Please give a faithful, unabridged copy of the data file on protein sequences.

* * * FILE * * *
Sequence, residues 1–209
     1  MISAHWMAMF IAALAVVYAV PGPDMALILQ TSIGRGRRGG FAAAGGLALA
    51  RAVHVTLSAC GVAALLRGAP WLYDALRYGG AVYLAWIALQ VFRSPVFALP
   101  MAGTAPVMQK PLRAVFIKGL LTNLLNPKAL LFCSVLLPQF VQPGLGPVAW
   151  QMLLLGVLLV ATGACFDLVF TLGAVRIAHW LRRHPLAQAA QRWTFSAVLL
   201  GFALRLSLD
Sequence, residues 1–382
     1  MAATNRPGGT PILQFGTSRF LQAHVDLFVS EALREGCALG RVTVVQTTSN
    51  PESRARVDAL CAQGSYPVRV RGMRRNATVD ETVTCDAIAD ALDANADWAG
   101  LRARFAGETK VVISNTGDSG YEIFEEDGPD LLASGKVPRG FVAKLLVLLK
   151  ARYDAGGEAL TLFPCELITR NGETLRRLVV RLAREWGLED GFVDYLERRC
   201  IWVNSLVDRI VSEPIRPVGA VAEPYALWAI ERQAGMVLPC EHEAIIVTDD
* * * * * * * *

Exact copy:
Sequence, residues 1–209
     1  MISAHWMAMF IAALAVVYAV PGPDMALILQ TSIGRGRRGG FAAAGGLALA
    51  RAVHVTLSAC GVAALLRGAP WLYDALRYGG AVYLAWIALQ VFRSPVFALP
   101  MAGTAPVMQK PLRAVFIKGL LTNLLNPKAL LFCSVLLPQF VQPGLGPVAW
   151  QMLLLGVLLV ATGACFDLVF TLGAVRIAHW LRRHPLAQAA QRWTFSAVLL
   201  GFALRLSLD
Sequence, residues 1–382
     1  MAATNRPGGT PILQFGTSRF LQAHVDLFVS EALREGCALG RVTVVQTTSN
    51  PESRARVDAL CAQGSYPVRV RGMRRNATVD ETVTCDAIAD ALDANADWAG
   101  LRARFAGETK VVISNTGDSG YEIFEEDGPD LLASGKVPRG FVAKLLVLLK
   151  ARYDAGGEAL TLFPCELITR NGETLRRLVV RLAREWGLED GFVDYLERRC
   201  IWVNSLVDRI VSEPIRPVGA VAEPYALWAI ERQAGMVLPC EHEAIIVTDD